Guatemalan Government Employment
In 1883, Miles Rock was appointed the chief of the Guatemala Boundary Commission tasked with mapping the long-disputed border between Guatemala and Mexico. An 1882 treaty between Mexico and Guatemala, mediated by the United States, established that one commission from each country would work, in cooperation with their counterparts from the neighboring republic, to complete the delimitation of the boundary. This work would consume the rest of Miles Rock’s professional life, and between 1883 and his death in 1901, he rarely left Guatemala except for occasional visits to his family home in Washington, D.C.
In 1895, Miles Rock was removed from his official position as the chief of the Guatemalan Commission because of political tensions between Mexico and Guatemala. Acting on the orders of the Guatemalan Government, Miles Rock led a party of armed men into an illegal lumber camp on the disputed border. His dispersal of the loggers was met with scandalized derision in Mexico. With war threatening between the two republics, a new agreement with a new series of stipulations was reached in 1895. One of the conditions of the Mexican government was the removal of Miles Rock from the head of the boundary commission. In 1897, he purchased Finca Setzimaj, a coffee plantation that he hoped would bring in a sustaining income for himself and his family in the United States. Owing to Miles Rock’s popularity with the Guatemalan government, and his peerless knowledge of the border question, he remained consistently engaged with the work of the commission up until his death in Guatemala City in 1901.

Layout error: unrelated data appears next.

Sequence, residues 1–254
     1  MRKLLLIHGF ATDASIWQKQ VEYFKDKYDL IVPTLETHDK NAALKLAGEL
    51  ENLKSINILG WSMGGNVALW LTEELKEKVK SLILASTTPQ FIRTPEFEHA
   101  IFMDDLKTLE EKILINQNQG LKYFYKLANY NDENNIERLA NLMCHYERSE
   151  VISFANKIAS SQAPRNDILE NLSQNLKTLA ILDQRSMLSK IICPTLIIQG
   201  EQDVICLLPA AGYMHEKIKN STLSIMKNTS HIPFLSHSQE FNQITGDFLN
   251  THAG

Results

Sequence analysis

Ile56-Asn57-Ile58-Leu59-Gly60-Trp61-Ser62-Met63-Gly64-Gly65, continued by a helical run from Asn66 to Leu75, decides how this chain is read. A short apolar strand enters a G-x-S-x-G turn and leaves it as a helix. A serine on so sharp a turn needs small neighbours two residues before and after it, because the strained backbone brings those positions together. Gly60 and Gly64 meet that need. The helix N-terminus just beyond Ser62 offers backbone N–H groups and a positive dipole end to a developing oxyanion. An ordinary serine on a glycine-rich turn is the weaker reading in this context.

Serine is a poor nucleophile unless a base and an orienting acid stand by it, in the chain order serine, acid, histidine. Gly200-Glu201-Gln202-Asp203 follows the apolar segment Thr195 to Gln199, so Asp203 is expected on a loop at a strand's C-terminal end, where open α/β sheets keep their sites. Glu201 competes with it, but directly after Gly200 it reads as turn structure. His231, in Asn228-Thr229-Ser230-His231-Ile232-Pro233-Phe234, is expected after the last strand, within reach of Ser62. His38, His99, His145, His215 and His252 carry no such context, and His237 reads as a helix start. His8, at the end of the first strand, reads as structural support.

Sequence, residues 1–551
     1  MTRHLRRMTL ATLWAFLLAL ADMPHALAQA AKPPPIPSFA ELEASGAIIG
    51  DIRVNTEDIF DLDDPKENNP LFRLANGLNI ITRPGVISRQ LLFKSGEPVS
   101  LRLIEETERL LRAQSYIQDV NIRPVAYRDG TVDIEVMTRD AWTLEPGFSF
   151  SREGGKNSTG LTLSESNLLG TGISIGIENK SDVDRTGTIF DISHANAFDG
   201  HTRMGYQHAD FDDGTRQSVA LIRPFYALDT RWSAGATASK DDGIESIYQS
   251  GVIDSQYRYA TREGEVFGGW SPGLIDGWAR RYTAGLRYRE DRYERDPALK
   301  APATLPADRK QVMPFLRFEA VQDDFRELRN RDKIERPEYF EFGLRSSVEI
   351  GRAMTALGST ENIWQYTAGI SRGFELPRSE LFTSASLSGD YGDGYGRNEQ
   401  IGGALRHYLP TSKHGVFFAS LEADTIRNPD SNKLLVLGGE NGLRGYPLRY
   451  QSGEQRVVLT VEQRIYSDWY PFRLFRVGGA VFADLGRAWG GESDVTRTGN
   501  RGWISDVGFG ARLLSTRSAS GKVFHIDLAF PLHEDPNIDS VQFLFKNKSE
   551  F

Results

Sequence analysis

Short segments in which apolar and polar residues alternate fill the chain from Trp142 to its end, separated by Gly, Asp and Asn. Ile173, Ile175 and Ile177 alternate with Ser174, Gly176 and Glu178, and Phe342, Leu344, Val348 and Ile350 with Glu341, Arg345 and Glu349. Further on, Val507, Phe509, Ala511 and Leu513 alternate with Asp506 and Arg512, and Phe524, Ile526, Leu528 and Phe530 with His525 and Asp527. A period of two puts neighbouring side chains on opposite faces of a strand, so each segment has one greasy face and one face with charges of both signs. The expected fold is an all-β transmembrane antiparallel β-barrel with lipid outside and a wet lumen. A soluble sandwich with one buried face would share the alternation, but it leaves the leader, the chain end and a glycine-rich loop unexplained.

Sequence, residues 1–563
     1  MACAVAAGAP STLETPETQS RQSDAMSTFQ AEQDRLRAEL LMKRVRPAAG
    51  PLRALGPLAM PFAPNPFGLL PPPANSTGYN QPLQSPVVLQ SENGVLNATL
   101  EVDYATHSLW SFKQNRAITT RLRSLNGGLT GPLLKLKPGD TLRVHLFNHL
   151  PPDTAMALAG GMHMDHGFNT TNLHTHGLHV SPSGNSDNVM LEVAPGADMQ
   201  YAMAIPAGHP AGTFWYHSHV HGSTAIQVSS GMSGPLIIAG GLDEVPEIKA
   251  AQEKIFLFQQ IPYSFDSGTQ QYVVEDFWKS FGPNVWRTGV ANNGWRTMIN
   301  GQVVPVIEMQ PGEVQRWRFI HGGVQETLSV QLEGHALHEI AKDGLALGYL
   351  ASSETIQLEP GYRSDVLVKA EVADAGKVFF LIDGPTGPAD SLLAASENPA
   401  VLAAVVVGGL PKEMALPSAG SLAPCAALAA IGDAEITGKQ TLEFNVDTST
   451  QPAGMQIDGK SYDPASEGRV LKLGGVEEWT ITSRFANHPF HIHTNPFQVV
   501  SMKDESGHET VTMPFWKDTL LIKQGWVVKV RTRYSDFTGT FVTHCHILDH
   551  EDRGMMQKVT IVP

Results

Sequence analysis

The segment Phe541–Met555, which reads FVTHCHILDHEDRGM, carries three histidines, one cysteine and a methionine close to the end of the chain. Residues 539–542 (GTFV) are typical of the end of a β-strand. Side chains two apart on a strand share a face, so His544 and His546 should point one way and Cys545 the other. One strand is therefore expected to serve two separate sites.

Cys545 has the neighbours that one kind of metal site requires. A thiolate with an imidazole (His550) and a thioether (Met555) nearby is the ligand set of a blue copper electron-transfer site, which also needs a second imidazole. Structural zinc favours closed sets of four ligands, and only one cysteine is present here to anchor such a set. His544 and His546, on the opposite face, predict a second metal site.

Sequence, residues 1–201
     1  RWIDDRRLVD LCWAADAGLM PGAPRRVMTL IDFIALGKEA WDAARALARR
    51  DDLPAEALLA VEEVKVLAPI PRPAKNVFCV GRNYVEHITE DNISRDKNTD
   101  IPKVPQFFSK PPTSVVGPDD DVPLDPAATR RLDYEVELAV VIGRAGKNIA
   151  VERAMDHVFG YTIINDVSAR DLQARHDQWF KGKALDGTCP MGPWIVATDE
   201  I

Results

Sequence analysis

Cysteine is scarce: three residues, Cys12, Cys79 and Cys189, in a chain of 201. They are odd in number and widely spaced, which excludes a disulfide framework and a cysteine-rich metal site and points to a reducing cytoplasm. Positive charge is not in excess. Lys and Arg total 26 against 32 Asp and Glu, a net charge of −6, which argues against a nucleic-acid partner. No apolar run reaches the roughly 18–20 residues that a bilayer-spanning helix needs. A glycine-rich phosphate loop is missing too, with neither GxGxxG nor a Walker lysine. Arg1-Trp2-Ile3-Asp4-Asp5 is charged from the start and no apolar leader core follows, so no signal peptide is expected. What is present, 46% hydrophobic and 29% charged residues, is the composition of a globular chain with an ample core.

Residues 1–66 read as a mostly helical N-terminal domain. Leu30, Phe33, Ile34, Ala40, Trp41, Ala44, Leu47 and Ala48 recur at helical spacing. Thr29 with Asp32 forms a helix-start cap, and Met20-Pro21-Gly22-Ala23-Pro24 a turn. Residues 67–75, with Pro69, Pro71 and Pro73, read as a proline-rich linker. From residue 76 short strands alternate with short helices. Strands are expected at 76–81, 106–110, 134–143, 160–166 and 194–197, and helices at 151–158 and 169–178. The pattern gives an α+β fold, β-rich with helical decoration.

View Exhibit Items
(Select below or in side menu)